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SPCI - Sociedade Portuguesa de Cuidados Intensivos

Revista Brasileira de Terapia Intensiva

AMIB - Associação de Medicina Intensiva Brasileira

OFFICIAL JOURNAL OF THE ASSOCIAÇÃO BRASILEIRA DE MEDICINA INTENSIVA AND THE SOCIEDADE PORTUGUESA DE CUIDADOS INTENSIVOS

ISSN: 0103-507X
Online ISSN: 1982-4335

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Rojas SSO, Veiga VC, Carvalho JC, Campodônico LEA, Assis FR, Shimizu SP, et al. Trombólise intra-arterial pulmonar no pós-operatório de clipagem de aneurisma cerebral. Relato de caso. Rev Bras Ter Intensiva. 2008;20(3):318-320

 

 

2008;20(3):318-320
Case Reports

http://dx.doi.org/10.1590/S0103-507X2008000300016

Intra-arterial pulmonary thrombolysis at the postoperative period of brain aneurysm clamping. Case report

Trombólise intra-arterial pulmonar no pós-operatório de clipagem de aneurisma cerebral. Relato de caso

Salomón Soriano Ordinola RojasI, Viviane Cordeiro VeigaII, Júlio César de CarvalhoII, Luis Enrique Amaya CampodônicoII, Fabrizio Rodrigues AssisII, Sandra Patrícia ShimizuIII, Olga Oliveira CruzIII, Elaine Aparecida MoraisIII, Roberto BuesioIV, Andréia Maria MarchesiniV, Ligia Maria Coscrato JunqueiraV, Carlos Vanderlei HolandaVI

IPhysician from the Neurological Intensive Care Units of the Hospital Beneficência Portuguesa de São Paulo, São Paulo (SP), Brazil
IIPhysician from the Neurological Intensive Care Units of the Hospital Beneficência Portuguesa de São Paulo, São Paulo (SP), Brazil
IIINurse from the Neurology Intensive Care Units of the Hospital Beneficência Portuguesa de São Paulo, São Paulo (SP), Brazil
IVPhysician from the Hospital Beneficência Portuguesa de São Paulo, São Paulo (SP), Brazil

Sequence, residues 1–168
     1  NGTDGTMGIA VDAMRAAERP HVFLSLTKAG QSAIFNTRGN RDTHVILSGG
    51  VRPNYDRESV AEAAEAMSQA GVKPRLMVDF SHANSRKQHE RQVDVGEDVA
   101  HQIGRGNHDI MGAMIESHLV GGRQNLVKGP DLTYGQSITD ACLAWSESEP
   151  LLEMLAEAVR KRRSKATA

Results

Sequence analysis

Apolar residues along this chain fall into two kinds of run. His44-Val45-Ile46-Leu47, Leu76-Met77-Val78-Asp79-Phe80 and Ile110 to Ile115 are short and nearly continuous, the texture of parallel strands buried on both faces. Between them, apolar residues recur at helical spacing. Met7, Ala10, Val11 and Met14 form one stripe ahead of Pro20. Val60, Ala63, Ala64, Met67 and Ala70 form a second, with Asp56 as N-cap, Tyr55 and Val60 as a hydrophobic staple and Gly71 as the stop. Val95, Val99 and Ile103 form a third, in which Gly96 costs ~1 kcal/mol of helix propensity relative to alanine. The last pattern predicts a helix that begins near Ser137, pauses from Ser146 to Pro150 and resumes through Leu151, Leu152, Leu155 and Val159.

VPhysiotherapist from the Intensive Care Units of the Hospital Beneficência Portuguesa de São Paulo, São Paulo (SP), Brazil
VIPhysician from the Hospital Beneficência Portuguesa de São Paulo, São Paulo (SP), Brazil

Submitted on June 24, 2008
Accepted on August 14, 2008

Corresponding author:

Viviane Cordeiro Veiga MD
Alameda Hungria, 89 - Alphaville
06474-140 Barueri, (SP), Brazil
Phone/Fax: (11) 3262-3512
E-mail: [email protected]

 

Abstract

Pulmonary thromboembolism is a major cause of morbidity and mortality of patients undergoing neurosurgical procedures. The purpose of this study was to present a case of intra-arterial pulmonary thrombolysis in recent neurosurgery postoperative period. Male patient, undergoing neurosurgery, presented as a complication on the seventh day of postoperative massive pulmonary embolism with hemodynamic instability and intra-arterial pulmonary thrombolysis with alteplase was indicated. Evolution was satisfactory without bleeding complications and patient was discharged. Pulmonary thromboembolism is a high morbidity and mortality condition at neurosurgical postoperative period and thrombolysis should be an alternative therapy in cases refractory to clinical treatment.

Keywords: Intracranial aneurysm/surgery; Intracranial aneurysm/complications; Pulmonary embolism/etiology; Postoperative period; Thrombolytic therapy; Case reports

 

 

INTRODUCTION